Google has a good reason to celebrate this week because the tech giant has successfully completed its 3,900-mile undersea cable. The cable is named Grace Hopper, after the American computer scientist who was one of the first programmers of the Harvard Mark I computer, and it connects New York (United States) to Bude (United Kingdom) and Bilbao (Spain).
The Spanish branch was completed earlier in September as the first-ever Google-funded route to Spain. Now that the UK branch has landed as well, the mission, which was first announced last July, has reached its end.
“Grace Hopper represents a new generation of the trans-Atlantic cable coming to the UK shores and is one of the first new cables to connect the US and the UK since 2003,” says Google in the official announcement. “Grace Hopper will connect the UK to help meet the rapidly growing demand for high-bandwidth connectivity and services”.
The cable uses a cutting-edge multi-directional fiber switching architecture that lets Google better move traffic around outages and provide the reliability necessary to power critical Google services like Meet, Gmail, and Google Cloud.
The multi-directional fiber switching architecture will also help tightly integrate the upcoming Google Cloud region in Madrid into Google’s global infrastructure. The new region will leverage Telefonica’s Madrid region infrastructure to foster Spain’s digital transformation and advance 5G mobile edge computing.
Undersea cables like Grace Hopper are the backbone of the internet, carrying around 98% of international traffic. The first optical telecommunications cables were laid on the ocean floor back in the 1980s, and their number has since then grown to more than 400. The actual optical fibers that carry data between continents are only as thick as a single strand of human hair, but they’re protected by several layers of shielding and isolation.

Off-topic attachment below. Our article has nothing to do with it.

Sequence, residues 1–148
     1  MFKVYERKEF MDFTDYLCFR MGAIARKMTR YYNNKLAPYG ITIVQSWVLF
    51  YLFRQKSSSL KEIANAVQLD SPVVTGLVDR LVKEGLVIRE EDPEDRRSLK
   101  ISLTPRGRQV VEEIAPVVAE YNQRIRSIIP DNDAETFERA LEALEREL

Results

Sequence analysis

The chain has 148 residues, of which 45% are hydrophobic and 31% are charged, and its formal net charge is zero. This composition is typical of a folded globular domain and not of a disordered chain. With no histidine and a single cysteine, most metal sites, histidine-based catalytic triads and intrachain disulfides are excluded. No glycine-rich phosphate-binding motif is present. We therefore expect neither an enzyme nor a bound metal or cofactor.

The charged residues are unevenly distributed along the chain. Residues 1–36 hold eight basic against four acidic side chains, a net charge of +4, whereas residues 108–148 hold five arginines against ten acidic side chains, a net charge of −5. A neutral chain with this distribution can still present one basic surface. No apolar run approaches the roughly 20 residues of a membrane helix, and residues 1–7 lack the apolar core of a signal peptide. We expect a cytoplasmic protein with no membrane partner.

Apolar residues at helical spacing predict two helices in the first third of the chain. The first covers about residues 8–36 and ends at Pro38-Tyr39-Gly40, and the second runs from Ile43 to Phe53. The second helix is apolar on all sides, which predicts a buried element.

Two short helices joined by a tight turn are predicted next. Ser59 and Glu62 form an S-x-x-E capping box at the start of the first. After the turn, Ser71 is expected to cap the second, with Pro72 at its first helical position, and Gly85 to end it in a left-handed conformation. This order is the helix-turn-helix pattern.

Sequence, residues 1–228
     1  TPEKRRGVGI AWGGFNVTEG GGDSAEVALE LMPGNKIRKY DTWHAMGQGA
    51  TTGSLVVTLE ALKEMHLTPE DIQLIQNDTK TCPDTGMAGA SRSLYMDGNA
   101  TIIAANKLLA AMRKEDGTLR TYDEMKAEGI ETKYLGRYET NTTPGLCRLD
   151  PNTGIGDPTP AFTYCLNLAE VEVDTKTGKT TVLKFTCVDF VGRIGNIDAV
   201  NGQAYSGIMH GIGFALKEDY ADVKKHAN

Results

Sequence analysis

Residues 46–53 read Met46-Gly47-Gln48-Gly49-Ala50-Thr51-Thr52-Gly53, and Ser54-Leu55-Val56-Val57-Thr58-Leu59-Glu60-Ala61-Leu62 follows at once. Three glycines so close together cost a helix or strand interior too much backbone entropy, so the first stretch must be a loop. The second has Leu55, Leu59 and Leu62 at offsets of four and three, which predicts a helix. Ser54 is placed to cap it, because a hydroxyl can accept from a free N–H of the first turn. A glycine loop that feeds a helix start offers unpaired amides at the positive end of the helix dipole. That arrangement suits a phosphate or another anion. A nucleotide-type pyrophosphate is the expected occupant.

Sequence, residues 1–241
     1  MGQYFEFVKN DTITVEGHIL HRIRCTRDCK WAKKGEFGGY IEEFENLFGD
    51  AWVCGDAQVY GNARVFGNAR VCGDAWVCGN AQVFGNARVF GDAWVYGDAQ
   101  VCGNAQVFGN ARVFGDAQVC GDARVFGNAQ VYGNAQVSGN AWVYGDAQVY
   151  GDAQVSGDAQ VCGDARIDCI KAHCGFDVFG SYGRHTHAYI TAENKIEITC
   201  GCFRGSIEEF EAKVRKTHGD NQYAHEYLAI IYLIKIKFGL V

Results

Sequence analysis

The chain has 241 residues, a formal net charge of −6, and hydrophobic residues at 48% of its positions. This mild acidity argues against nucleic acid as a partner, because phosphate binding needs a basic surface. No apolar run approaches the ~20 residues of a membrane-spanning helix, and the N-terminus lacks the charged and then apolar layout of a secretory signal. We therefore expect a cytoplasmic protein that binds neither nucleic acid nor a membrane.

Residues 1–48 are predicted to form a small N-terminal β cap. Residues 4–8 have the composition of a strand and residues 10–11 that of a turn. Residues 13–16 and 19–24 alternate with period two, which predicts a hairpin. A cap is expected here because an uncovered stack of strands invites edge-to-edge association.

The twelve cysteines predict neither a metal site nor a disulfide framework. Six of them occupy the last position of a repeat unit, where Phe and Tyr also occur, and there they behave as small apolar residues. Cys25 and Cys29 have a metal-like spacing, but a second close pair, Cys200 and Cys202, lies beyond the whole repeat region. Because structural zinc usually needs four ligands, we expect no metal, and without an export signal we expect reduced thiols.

Cisco Unveils Strategic Vision For Enterprise Cloud Security In MENA
At the heart of this vision is Cisco Security Cloud, a global, cloud-delivered, integrated platform for end-to-end security across hybrid multi-cloud environments.
The global pandemic has accelerated cloud adoption by forcing companies to embrace the hybrid work model. But as companies move more and more of their information technology systems to the cloud, they discover that traditional security measures become less and less effective. To help cloud adopters of all sizes overcome the challenges associated with enterprise cloud security, Cisco has unveiled its new strategic vision for the MENA region.
At the heart of this vision is Cisco Security Cloud, a global, cloud-delivered, integrated platform for end-to-end security across hybrid multi-cloud environments. The platform unifies the management and policy administration of public and private clouds to protect users, devices, networks, applications, and data.
“With the complexity of hybrid work, continued acceleration of cloud adoption, and the ever-advancing threat landscape, organizations are looking for a trusted partner to help them achieve security resilience,” said Jeetu Patel, Executive Vice President and General Manager of Security and Collaboration at Cisco. “We believe Cisco is uniquely positioned due to its scale, breadth of solutions and cloud-neutral business model to meet their needs.”
Cisco Security Cloud is based on the zero trust security model, which, as its name implies, describes an approach to security where no access request is trusted without verification regardless of where it comes from.
To make the verification process as robust and user-friendly and possible, the necessary identity checks take place in the background, allowing users to focus on their work without being constantly interrupted by log-in prompts and other identity verification mechanisms.
Cisco is also building session trust analysis using OpenID Foundation’s Shared Signals and Events standards, which allow cloud services to instantly communicate security alerts and status changes of users.
These and other parts of Cisco’s new strategic vision for enterprise cloud security should help companies accelerate their cloud adoption initiatives. According to a survey of IT professionals in the Middle East, a lack of cybersecurity is among the main reasons why such initiatives proceed at a slow pace.